There is good evidence that nonoxynol-9 does not protect against sexually transmitted infections (STI), and there is some evidence that it may be harmful by increasing the rate of genital ulceration. As such, this product cannot be recommended for STI prevention.
There is good evidence that nonoxynol-9 does not protect against sexually transmitted infections, and there is some evidence that it may be harmful by increasing the rate of genital ulceration. As such, this product cannot be recommended for STI prevention.
The incidence and prevalence of sexually transmitted infections (STI) and other reproductive tract infections (RTI) is high in much of the developing and parts of the developed worlds. STIs and RTIs are associated with the vaginal transmission of HIV. Additional strategies to improve STI control are needed, and vaginal microbicides are a possible strategy. One potential vaginal microbicide is the widely used spermicide, nonoxynol-9 (N-9).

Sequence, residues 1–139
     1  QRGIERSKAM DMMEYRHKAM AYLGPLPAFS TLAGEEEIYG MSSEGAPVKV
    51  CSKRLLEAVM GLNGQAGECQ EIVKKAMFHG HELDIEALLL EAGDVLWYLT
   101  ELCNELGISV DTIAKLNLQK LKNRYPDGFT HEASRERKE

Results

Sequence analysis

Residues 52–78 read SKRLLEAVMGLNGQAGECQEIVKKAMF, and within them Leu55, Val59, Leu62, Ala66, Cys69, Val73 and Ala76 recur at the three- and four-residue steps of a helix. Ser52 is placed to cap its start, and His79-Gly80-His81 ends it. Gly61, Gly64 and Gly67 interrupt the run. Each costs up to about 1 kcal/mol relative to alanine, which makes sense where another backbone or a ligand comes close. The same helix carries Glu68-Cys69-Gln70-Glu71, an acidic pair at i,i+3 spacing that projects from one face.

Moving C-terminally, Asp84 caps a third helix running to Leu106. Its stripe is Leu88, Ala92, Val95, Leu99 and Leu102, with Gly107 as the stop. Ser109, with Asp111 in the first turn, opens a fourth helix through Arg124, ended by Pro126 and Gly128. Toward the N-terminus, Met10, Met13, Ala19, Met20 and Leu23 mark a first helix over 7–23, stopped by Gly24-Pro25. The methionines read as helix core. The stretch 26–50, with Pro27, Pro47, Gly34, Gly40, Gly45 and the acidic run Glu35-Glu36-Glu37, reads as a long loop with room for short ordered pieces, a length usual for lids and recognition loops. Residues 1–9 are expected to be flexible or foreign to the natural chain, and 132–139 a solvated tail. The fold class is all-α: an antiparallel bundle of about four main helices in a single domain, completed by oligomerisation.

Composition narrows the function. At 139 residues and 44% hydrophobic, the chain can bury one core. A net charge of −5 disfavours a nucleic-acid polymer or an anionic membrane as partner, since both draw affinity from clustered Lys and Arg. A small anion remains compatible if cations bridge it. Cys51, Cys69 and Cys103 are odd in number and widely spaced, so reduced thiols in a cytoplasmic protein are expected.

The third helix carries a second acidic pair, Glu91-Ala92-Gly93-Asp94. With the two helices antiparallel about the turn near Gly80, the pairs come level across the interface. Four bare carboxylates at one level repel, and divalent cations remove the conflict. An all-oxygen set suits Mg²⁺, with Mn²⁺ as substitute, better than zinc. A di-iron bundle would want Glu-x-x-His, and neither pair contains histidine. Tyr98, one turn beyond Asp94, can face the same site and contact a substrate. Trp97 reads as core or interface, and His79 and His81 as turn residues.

To determine the safety and effectiveness of N-9 in preventing vaginal acquisition of sexual transmitted infections (exclusive of HIV) by women from men.
Systematic search of electronic databases, conference abstracts, reference lists of relevant studies and contact with experts and funders.
Randomised controlled trials meeting pre-determined quality criteria with STI as the outcome.
Data were extracted by one reviewer and checked by another.
Ten of 12 identified randomised controlled trials were included and findings among them were broadly consistent. In meta-analysis, the risks of gonorrhoea (relative risk [RR] 0.91, 95%CI 0.67-1.24), cervical infection (RR 1.01, 0.84-1.22), trichomoniasis (RR 0.84, 0.69-1.02), bacterial vaginosis (0.88, 0.74-1.04), chlamydia (RR 0.88, 0.77-1.01) and candidiasis (RR 0.97, 0.84-1.12) were not statistically significantly different in women receiving N-9 compared with placebo. Genital lesions were more common in the N-9 users (RR 1.17, 95%CI 1.02-1.35).